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Discovery of a black smoker vent field and vent fauna at the Arctic Mid-Ocean Ridge
Pedersen, R.B.; Rapp, H.T.; Thorseth, I.H.; Lilley, M.; Barriga, F.J.A.S.; Baumberger, T.; Flesland, K.; Fonseca, R.; Früh-Green, G.L.; Jorgensen, S.L. (2010). Discovery of a black smoker vent field and vent fauna at the Arctic Mid-Ocean Ridge. Nature Comm. 1(126): 1-6.
In: Nature Communications. Nature Publishing Group: London. ISSN 2041-1723, more
Peer reviewed article  

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  • Pedersen, R.B.
  • Rapp, H.T.
  • Thorseth, I.H.
  • Lilley, M.
  • Barriga, F.J.A.S.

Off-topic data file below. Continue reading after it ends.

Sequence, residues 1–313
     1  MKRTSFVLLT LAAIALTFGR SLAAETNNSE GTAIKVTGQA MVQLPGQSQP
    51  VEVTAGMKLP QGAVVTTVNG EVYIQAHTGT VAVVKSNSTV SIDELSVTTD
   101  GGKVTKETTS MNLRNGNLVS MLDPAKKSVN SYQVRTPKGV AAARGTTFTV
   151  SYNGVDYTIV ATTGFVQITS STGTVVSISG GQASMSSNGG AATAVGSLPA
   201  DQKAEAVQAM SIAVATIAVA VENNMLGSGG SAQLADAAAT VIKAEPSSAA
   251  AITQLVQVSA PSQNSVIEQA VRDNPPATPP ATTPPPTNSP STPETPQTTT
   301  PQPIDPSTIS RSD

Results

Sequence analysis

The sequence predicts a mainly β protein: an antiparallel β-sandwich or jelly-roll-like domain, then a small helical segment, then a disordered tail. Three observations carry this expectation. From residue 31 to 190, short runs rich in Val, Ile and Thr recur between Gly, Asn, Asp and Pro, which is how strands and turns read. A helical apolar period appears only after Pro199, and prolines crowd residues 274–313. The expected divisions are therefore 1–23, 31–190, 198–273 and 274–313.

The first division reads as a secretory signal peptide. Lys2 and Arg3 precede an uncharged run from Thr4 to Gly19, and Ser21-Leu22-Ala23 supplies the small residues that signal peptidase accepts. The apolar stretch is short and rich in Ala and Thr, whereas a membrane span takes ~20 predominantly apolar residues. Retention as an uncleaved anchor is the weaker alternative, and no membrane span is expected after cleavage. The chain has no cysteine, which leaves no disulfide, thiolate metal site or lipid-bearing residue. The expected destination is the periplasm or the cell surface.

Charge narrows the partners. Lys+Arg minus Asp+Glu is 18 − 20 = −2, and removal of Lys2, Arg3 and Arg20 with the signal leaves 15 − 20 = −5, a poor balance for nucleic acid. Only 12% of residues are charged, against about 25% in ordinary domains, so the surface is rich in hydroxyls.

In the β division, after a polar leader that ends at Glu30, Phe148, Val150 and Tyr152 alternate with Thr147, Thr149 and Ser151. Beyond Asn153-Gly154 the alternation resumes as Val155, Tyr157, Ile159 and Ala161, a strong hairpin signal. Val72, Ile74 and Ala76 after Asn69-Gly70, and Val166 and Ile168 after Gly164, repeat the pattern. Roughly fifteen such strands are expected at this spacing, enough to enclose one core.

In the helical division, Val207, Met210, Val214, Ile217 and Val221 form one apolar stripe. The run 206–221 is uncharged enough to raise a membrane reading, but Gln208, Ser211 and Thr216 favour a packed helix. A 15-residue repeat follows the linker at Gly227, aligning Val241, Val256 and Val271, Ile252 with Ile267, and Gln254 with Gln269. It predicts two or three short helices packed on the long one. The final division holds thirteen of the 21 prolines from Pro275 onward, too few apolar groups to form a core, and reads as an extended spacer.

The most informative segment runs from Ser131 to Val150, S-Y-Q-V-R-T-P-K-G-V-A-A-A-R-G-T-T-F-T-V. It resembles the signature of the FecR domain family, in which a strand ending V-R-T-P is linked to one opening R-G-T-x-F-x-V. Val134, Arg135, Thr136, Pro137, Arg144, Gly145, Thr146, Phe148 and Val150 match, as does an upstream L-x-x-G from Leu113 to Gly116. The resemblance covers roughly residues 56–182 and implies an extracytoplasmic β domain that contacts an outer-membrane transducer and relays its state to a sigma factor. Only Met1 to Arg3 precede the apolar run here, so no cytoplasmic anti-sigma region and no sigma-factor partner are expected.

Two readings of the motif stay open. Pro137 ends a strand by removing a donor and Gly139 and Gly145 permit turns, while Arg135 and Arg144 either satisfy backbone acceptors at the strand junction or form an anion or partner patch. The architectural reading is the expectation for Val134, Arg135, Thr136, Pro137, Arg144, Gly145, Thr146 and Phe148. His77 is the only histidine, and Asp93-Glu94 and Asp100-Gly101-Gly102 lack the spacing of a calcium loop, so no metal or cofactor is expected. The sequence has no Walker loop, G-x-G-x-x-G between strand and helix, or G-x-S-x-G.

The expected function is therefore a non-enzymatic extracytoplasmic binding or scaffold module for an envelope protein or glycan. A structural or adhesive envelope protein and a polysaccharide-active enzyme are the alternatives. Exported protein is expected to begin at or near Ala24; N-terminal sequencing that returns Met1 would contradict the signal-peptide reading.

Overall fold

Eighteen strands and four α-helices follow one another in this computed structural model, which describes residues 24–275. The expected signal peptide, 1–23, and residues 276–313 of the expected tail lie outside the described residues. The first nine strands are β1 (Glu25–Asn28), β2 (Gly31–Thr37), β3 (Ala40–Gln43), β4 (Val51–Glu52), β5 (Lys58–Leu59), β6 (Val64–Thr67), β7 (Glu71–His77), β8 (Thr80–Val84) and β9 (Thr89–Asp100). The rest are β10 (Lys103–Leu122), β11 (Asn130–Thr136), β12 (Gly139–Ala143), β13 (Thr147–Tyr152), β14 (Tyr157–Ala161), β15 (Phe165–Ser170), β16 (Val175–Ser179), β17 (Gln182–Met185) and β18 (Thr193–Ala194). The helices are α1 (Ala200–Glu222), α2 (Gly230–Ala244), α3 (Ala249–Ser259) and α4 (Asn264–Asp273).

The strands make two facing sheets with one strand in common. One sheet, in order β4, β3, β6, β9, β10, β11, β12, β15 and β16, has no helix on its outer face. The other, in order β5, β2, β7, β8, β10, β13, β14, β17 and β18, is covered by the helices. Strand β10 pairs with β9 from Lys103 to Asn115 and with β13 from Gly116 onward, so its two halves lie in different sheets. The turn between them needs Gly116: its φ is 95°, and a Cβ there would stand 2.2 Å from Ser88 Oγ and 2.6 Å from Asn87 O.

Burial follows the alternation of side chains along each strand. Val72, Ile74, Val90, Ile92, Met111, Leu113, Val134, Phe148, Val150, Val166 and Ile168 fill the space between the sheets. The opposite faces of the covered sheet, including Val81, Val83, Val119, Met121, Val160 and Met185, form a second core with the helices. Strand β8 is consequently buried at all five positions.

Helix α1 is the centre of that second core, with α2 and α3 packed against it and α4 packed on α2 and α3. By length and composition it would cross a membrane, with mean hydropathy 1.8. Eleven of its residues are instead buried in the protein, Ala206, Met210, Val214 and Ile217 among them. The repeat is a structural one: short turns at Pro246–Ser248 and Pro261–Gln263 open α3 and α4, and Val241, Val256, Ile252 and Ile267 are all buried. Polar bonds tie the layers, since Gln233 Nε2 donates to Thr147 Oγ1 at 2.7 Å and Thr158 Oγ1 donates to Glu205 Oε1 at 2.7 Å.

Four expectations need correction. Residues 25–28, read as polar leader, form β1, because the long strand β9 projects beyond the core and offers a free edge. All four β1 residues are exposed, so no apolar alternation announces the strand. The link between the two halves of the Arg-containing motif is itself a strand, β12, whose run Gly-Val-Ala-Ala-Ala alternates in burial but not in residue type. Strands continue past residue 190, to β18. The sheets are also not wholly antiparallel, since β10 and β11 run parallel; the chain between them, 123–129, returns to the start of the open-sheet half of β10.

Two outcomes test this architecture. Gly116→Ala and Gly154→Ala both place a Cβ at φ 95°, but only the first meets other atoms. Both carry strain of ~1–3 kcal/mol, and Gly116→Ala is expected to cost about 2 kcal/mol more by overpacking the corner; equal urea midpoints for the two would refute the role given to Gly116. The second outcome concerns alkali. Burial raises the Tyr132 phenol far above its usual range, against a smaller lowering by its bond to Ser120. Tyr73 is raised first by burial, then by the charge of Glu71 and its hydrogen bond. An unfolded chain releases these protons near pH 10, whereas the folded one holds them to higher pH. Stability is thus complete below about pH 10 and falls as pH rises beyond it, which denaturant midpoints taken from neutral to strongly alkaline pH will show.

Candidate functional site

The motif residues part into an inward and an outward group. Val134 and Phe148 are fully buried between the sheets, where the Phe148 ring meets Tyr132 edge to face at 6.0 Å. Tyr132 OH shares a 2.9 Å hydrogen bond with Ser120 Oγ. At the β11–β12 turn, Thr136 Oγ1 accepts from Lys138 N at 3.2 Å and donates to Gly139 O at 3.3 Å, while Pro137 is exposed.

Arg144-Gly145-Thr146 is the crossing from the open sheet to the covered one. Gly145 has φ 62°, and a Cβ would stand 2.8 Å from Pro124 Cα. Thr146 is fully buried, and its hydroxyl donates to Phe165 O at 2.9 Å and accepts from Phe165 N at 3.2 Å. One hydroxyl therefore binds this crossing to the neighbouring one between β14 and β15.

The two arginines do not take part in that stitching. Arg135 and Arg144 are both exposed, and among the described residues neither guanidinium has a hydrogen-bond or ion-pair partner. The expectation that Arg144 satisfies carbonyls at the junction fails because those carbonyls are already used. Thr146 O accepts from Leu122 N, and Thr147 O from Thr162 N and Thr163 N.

• Baumberger, T.
  • Flesland, K.
  • Fonseca, R.
  • Früh-Green, G.L.
  • Jorgensen, S.L.

    The Arctic Mid-Ocean Ridge (AMOR) represents one of the most slow-spreading ridge systems on Earth. Previous attempts to locate hydrothermal vent fields and unravel the nature of venting, as well as the provenance of vent fauna at this northern and insular termination of the global ridge system, have been unsuccessful. Here, we report the first discovery of a black smoker vent field at the AMOmoR. The field is located on the crest of an axial volcanic ridge (AVR) and is associated with an unusually large hydrothermal deposit, which documents that extensive venting and long-lived hydrothermal systems exist at ultraslow-spreading ridges, despite their strongly reduced volcanic activity. The vent field hosts a distinct vent fauna that differs from the fauna to the south along the Mmid-Atlantic Ridge. The novel vent fauna seems to have developed by local specialization and by migration of fauna from cold seeps and the Pacific.

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